A fine example of a Corinthian terracotta alabastron decorated with horizontal bands and an animal frieze on the lower half, alternating with black and red paint. The piece has a body that extends downwards into a slightly flared, flat base, and upwards into a narrow neck and wide, protruding rim. A small handle is attached to this flat area. The mammals in the lower half are unclear in species, but are all in the same identical pose.
Date: Circa late 7th Century-6th Century B.C. Provenance: Gottfried and Helga Hertel collection, Cologne, acquired prior to 1995. Condition: Very good condition. Some wear visible from the paint.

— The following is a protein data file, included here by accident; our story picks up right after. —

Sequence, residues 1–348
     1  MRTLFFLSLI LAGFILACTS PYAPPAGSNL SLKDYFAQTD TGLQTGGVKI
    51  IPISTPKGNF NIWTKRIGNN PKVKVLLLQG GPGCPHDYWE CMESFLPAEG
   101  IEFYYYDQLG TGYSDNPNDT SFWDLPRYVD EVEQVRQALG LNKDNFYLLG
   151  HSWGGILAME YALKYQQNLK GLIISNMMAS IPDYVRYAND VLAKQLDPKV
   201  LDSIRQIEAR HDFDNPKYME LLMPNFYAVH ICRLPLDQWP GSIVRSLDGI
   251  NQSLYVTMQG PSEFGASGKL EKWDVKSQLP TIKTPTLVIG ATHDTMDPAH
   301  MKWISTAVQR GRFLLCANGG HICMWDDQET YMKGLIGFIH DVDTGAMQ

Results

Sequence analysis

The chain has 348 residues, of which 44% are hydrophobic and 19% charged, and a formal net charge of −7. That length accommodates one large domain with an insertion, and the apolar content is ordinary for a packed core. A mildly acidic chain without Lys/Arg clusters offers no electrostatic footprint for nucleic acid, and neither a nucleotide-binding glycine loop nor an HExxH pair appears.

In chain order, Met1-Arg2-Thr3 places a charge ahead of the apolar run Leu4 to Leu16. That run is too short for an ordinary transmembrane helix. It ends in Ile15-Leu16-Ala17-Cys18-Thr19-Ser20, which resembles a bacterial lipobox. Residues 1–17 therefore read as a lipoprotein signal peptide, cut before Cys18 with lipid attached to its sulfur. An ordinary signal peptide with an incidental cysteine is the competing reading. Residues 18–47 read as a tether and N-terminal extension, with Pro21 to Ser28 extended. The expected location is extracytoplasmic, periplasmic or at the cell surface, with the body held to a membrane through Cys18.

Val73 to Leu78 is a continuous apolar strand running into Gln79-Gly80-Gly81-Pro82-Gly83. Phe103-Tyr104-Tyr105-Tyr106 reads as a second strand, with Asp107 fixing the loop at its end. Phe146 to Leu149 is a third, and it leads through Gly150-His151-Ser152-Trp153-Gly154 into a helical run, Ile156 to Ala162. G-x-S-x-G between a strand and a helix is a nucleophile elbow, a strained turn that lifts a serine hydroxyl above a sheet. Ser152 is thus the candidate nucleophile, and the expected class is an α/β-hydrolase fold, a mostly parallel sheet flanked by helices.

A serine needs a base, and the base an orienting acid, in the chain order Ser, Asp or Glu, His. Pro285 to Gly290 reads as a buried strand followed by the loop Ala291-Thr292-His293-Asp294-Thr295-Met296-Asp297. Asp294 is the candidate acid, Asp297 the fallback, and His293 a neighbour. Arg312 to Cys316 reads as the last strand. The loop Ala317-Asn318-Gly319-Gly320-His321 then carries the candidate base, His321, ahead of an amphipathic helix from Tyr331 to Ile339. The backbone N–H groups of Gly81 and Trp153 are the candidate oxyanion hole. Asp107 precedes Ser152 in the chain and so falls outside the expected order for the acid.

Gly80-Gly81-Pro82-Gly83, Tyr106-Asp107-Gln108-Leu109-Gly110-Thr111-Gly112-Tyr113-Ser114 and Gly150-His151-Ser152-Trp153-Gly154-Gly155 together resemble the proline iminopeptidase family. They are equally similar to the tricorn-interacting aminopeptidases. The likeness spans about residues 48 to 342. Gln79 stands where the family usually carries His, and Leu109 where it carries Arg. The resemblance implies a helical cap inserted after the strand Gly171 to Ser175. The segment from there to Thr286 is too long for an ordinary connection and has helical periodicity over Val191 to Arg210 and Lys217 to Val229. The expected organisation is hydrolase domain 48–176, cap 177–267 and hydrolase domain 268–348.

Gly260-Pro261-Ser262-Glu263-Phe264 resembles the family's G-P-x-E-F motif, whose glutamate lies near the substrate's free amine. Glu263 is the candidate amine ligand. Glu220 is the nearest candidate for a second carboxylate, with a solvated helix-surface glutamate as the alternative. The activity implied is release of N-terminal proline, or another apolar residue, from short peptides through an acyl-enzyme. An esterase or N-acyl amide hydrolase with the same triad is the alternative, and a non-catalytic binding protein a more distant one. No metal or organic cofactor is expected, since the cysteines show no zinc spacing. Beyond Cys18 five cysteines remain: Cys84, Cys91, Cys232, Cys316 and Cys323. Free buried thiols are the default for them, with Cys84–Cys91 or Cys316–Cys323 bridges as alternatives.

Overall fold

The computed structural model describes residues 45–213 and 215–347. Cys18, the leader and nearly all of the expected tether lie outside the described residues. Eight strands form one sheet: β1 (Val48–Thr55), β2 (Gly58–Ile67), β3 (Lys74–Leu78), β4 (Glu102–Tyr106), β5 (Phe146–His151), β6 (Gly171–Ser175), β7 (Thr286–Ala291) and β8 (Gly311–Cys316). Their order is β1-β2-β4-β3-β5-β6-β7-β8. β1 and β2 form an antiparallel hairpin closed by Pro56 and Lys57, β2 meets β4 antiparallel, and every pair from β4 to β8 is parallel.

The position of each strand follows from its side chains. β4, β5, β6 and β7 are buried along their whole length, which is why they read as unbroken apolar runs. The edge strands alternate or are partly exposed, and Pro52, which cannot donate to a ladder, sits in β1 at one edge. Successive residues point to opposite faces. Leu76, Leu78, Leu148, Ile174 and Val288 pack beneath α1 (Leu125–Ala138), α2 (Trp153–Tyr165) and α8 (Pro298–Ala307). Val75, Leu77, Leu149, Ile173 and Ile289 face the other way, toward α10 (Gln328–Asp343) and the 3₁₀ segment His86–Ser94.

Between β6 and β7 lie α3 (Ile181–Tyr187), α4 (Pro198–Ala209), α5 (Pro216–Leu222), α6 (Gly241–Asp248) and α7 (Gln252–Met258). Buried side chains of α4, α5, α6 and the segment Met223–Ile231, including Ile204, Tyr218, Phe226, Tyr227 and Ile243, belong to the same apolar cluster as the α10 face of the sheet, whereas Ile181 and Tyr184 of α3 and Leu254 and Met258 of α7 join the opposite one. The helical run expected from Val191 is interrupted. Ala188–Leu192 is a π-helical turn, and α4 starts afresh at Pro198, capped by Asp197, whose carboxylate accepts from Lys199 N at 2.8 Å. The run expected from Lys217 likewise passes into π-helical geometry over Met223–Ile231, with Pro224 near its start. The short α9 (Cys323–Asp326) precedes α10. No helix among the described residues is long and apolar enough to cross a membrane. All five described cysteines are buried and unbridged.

Corinth was one of the major states in the Greek world. In 550 BC, Corinth joined the Peloponnesian League, and so was allied with Sparta during the Persian and Peloponnesian Wars (as documented by Herodotus and Thucydides). Corinthian pottery is distinct in its style, in much the same way Black-figure and red-figure wares are. Corinthian pottery was the largest group of exported wares from the 7th and 6th centuries, following the Geometric style. It continued to be made up until the 5th century, although Attic pottery had grown steadily in popularity by this point. By the 4th century Corinthian pottery had almost entirely ceased in production.
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